I am addicted to statement pieces. Seriously when something speaks to me I drop the cash and leave my logic at home. I’m beginning to understand that spending big money on pieces I am only going to wear on occasion is irrational.
I love evening clutches but they are expensive and too small to carry for everyday wear. I have been wanting a clear acrylic clutch so I ordered this one off ebay for $8. When I got it I thought it needed some sparkle!
For this project you will need:
Clear acrylic clutch
Lay your clutch on a flat work surface. Plan out your design making sure you work around the larger rhinestones first.
Spread a small amount of glue on the back of the rhinestone and attach it to the purse. Be sure to let the stones dry for at least 5 hours or overnight.
Be sure to let the stones dry for at least 5 hours or overnight.
Don’t forget to wear it!!
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I can’t lie I dropped out of Girls Scouts after five meetings. Getting ready for an 8 am troop meeting on a Saturday was just too much of a commitment. I was only sad about missing out on the patches!
Photo credit: Nordstrom.com
I was flipping through Lucky Magazine and a pair of jeans with patches caught my eye. That was until I saw the price! I thought, “Hell, I can make that!”. I have been gathering patches since that day and the time has come to DIMDS .(Do it my damn self!!)
For this Project You Will Need:
Iron, Ironing board, Patches, and denim of your choice
Pre-wash your denim before beginning this project. Patches adhere best to clean fabric. Lay your jeans flat to get an idea of how you want to arrange the patches. (If I could do this all over I may have put the shorts on and pinned a few patches on and went from there)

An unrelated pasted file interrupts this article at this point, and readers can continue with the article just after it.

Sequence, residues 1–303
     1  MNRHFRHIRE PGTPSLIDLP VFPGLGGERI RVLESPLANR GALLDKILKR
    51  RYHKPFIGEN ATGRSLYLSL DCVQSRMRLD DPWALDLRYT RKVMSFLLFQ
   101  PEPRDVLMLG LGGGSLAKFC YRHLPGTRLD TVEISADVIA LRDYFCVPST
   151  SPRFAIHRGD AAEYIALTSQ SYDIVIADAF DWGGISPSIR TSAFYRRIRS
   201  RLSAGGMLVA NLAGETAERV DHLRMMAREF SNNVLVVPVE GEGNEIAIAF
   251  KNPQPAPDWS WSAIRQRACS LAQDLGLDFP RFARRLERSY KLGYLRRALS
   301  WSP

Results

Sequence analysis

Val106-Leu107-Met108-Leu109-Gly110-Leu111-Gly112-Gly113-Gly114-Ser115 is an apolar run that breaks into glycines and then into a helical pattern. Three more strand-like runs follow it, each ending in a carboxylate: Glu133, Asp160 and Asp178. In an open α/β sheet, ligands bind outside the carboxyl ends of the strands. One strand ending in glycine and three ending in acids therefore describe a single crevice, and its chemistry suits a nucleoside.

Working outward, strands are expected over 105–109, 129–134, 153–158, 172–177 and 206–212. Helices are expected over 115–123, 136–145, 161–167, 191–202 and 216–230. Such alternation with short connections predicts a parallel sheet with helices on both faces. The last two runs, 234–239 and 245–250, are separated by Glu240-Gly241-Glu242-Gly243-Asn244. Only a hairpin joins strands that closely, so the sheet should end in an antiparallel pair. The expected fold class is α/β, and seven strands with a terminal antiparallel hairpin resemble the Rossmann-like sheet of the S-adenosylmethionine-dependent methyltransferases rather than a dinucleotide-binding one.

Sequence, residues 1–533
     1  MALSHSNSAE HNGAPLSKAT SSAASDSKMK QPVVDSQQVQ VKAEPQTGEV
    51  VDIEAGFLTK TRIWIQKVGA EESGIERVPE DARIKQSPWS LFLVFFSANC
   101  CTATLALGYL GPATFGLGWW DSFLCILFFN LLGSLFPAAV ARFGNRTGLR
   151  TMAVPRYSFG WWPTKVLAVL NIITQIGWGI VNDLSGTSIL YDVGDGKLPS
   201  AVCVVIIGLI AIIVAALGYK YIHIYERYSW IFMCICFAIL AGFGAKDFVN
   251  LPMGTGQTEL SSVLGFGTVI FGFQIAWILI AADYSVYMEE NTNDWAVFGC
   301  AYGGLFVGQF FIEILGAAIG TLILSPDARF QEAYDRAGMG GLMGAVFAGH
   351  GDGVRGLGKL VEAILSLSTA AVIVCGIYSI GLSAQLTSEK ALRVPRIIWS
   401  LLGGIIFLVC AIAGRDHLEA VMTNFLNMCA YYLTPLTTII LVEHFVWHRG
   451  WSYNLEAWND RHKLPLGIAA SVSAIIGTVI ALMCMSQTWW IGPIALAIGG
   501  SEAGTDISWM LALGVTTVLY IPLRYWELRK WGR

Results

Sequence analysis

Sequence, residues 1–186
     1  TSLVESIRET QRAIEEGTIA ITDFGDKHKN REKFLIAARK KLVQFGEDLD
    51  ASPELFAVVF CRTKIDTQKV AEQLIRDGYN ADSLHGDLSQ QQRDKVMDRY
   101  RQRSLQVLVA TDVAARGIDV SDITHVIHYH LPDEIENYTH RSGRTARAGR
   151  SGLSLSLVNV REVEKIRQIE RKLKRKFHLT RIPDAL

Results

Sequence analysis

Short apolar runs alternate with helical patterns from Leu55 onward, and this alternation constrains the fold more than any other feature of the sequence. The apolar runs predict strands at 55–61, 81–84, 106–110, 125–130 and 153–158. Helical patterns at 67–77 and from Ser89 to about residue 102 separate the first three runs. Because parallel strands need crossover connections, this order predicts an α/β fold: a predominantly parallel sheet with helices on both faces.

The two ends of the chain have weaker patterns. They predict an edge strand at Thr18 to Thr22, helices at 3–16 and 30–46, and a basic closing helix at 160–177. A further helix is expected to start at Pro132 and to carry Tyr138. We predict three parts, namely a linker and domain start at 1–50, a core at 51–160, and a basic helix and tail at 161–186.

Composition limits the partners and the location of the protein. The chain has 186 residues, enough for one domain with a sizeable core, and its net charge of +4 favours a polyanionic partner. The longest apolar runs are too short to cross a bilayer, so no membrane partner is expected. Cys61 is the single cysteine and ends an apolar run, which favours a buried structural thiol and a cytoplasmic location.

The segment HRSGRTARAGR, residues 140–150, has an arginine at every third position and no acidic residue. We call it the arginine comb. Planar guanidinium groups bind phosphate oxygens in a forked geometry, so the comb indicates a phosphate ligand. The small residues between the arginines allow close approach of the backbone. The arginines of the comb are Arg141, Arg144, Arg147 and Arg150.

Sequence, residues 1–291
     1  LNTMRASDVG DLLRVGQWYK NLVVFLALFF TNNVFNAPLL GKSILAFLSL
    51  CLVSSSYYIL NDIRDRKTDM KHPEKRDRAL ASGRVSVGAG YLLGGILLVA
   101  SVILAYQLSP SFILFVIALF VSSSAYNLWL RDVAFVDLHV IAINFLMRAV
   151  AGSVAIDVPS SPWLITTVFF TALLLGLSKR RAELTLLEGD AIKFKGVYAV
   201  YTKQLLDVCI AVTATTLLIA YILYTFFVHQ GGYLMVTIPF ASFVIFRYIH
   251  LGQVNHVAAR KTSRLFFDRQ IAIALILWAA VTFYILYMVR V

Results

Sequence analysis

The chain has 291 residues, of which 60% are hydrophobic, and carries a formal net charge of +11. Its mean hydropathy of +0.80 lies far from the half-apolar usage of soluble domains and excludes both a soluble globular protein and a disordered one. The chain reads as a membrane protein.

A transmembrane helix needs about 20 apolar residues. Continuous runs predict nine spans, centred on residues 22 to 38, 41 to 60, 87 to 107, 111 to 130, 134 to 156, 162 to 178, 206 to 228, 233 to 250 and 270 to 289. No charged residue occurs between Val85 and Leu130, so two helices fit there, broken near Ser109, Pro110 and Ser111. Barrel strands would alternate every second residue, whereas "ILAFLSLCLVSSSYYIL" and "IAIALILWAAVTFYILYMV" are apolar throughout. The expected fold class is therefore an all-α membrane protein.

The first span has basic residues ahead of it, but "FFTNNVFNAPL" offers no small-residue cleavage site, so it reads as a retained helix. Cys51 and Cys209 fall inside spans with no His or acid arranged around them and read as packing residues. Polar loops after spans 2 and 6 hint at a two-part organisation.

Apply the patches according to the directions. I had two different brands, but the instruction were identical. Place the patch on the fabric with the design facing up. Place a pressing cloth over the patch. (In my case it was some scrap fabric from a previous project) Turn the denim inside out and iron the patch on the reverse.
Allow the patches to set and wait at least 24-48 hours before sporting your new blues! Also, some patches adhere better than others have a needle and thread handy. You may need to sew a few patches to secure them, so they hold up over time.
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First, let me apologize crimes were committed during the making of this DIY. First I was actually in the process of getting ready to go out while making this DIY. Needless to say you see my real chipped nail polish. While tacky I didn’t want to not document this project, so tacky wins this battle. I love Mr Kate jewelry. I also love the title of her upcoming book A Hot Glue Gun Mess because it’s super fitting to how this DIY went down.
This journey began while I was getting dressed to go to a Jazmine Sullivan concert. I knew I wanted the Mr Kate cadeau clip on earrings but had no time for shipping and handling. (being a diva on a budget is never easy). I then also realized that I didn’t have a bag that I felt matched the low-key concert vibe I was going for. I thought about The Curvynista’s post Bag Lady on fun statement bags and it hit me that I had a purse falling apart and some pom poms. The rest is DIY history.
Place a small amount of glue on the earring post and adhere to the brooch
Use a clothes pin to hold the post in place and allow to dry for up to 4 hours